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Registering business names for clients

Peter Stewart

As an accountant you are most likely considered the trusted advisor or the ‘sounding board’ for many of your clients - a role that may see you advising them on new business pursuits. 

As part of this process, you are probably often instructed to register new business names. To make this process as smooth as possible for your client, we suggest you keep the following in mind:

Conduct searches 

Whilst you may be able to register any available name, the ASIC register doesn’t account for names that look or sound similar. In fact, provided there is one key stroke different, you will be able to register the name. It is important that you get into the habit of searching various platforms with the intended business name and variations of that phrase, to ensure your client adopts a name that doesn’t intentionally mislead consumers or cause confusion in the market place.  Also, your client’s should be aware that use of a name that is substantially identical or deceptively similar (be that visually or orally similar) to a registered trade mark may constitute trade mark infringement. 

If your searches return similar results 

If similar results come up during your searches, your clients should obtain legal advice.  The use of a similar name will not always amount to an infringement. Take for example the registrations of [AQUILA] and [AUQUA].

In the case of Aquila Pty Ltd v Auqua Swimwear Pty Ltd [2017] ATMO 46 (23 May 2017) it was decided that the mark of the latter wasn’t substantially identical nor deceptively similar to the former. Here, the Court found that a side-by-side comparison lead to clear visual differences between the two marks which outweighed any similarities the marks shared. Among the differences were the Latin meanings behind AQUILA (eagle) and AUQUA (a made-up word although there are similarities to ‘aqua’ meaning water).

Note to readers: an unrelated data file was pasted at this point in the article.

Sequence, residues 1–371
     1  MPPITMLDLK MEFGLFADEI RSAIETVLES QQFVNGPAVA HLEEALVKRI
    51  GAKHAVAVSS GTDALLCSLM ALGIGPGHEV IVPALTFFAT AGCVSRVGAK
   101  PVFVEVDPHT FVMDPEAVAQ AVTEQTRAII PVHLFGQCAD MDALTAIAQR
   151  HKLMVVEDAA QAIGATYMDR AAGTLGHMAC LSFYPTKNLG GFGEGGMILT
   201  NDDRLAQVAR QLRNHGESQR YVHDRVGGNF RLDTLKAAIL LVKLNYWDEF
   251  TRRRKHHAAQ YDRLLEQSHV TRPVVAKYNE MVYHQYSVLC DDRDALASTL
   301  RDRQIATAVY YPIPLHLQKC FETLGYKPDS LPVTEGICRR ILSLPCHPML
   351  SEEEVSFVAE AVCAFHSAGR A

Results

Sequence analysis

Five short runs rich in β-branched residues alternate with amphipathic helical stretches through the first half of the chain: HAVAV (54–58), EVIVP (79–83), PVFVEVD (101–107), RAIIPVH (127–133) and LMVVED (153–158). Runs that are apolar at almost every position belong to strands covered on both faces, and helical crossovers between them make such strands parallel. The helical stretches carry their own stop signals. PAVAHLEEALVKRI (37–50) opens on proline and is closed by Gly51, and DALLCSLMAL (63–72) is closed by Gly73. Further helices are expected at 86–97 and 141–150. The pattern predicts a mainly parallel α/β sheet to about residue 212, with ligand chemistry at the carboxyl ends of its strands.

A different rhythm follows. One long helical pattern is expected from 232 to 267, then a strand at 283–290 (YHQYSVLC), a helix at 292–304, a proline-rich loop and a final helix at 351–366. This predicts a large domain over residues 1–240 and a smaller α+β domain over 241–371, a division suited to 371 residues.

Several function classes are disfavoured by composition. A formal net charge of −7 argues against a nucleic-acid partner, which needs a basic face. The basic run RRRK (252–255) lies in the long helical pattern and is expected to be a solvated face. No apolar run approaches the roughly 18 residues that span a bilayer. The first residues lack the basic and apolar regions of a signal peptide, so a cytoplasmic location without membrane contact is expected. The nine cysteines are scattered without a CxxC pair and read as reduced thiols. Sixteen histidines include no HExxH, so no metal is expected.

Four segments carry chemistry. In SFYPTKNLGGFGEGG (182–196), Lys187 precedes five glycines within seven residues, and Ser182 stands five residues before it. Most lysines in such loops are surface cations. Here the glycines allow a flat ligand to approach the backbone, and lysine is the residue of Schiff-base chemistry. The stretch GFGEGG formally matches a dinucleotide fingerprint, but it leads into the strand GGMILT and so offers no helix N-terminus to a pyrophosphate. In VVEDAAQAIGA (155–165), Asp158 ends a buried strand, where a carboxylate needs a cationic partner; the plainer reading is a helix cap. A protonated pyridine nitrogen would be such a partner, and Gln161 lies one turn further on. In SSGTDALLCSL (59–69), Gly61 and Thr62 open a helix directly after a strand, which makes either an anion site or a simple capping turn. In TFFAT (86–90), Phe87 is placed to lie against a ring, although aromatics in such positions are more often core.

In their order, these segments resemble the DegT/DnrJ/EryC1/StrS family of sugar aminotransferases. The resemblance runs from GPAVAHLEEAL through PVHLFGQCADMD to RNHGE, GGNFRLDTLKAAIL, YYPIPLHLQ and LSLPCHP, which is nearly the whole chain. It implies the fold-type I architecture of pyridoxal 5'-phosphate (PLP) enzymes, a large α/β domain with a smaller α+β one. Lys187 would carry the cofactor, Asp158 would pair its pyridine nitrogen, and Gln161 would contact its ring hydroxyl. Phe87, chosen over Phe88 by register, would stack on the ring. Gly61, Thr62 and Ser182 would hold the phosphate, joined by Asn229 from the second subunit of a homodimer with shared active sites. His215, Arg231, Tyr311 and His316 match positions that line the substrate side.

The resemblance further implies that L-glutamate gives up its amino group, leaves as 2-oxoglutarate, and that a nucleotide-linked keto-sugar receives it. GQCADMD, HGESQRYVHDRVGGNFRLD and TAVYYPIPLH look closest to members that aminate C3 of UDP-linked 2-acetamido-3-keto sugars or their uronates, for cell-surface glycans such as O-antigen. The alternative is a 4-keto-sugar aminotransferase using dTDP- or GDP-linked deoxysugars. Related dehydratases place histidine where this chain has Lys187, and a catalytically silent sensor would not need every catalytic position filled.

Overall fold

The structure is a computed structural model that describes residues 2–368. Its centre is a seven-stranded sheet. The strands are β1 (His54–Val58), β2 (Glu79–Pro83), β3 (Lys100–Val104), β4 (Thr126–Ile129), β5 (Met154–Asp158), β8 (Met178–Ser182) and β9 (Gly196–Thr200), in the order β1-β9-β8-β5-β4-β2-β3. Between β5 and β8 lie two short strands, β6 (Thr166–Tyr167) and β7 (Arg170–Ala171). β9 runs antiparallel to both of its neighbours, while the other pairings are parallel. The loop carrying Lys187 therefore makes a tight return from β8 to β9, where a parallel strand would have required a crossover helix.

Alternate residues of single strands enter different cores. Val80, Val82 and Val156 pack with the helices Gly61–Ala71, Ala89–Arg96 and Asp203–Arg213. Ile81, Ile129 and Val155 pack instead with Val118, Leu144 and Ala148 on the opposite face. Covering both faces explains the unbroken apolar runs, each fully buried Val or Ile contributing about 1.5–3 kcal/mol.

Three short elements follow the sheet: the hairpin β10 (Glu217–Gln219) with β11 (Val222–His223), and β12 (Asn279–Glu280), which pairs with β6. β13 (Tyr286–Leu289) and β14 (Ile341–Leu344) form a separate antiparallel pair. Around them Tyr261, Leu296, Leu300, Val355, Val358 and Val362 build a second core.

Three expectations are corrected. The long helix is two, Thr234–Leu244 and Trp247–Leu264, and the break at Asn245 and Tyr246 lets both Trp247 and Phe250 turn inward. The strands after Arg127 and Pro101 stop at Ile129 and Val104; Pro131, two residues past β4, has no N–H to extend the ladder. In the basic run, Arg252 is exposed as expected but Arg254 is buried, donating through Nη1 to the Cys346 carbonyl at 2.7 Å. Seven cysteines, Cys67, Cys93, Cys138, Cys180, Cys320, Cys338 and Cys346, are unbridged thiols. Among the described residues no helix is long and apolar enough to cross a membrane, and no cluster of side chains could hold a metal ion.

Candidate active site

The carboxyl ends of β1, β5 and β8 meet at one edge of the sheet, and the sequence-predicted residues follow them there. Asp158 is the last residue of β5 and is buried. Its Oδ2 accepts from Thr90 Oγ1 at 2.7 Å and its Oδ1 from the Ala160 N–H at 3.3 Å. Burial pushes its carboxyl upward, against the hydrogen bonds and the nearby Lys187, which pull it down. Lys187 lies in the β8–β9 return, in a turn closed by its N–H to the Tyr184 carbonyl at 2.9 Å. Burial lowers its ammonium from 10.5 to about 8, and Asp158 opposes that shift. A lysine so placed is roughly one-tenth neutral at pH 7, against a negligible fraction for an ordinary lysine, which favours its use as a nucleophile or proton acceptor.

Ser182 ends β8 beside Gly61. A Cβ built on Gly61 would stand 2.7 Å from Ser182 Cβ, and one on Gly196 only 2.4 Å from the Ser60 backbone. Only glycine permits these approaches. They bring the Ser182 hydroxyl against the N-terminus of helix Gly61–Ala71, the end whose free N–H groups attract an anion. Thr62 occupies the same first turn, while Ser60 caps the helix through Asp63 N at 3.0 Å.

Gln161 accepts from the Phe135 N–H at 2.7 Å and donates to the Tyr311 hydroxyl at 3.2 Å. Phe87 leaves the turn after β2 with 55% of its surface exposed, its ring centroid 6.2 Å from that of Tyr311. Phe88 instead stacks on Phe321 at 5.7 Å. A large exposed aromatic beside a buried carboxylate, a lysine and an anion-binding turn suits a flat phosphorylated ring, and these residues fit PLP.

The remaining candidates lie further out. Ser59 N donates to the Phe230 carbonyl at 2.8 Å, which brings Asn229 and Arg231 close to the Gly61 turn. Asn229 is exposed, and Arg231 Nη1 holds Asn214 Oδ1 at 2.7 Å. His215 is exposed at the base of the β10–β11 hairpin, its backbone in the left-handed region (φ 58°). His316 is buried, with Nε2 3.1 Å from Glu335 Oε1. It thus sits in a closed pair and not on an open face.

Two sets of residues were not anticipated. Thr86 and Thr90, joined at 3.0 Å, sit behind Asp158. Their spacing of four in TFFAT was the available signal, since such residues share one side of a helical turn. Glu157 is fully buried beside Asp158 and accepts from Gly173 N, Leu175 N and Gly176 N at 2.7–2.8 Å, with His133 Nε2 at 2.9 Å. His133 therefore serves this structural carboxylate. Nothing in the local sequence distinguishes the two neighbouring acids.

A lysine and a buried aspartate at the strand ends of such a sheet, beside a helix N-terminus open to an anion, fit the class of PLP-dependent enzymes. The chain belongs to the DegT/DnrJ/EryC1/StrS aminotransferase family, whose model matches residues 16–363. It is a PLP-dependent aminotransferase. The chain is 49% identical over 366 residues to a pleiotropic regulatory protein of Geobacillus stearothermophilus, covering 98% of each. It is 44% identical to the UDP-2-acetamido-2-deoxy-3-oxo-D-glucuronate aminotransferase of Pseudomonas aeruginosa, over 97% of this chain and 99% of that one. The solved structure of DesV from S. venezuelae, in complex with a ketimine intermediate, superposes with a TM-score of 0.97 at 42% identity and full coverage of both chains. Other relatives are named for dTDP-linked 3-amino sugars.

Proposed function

The Court further considered whether, when looking at AUQUA, a person of ordinary intelligence and memory would have the same impressions as when they looked at AQUILA. It was found that although the marks shared similar letters, there was no similar impression as a result of significant differences between pronunciation of the words. 

It was also hinted that made-up words are less likely to infringe on well-known words as people are more likely to remember a phrase or word that is conceptually understood. However, whilst the decision seems promising, the legal costs associated with such a battle would have been significant. A start up business should err on the side of caution to avoid significant time and costs being devoted to defending an infringement claim. 

To ensure that your client’s brand is adequately protected, you should keep the above in mind when registering a business name for them. 

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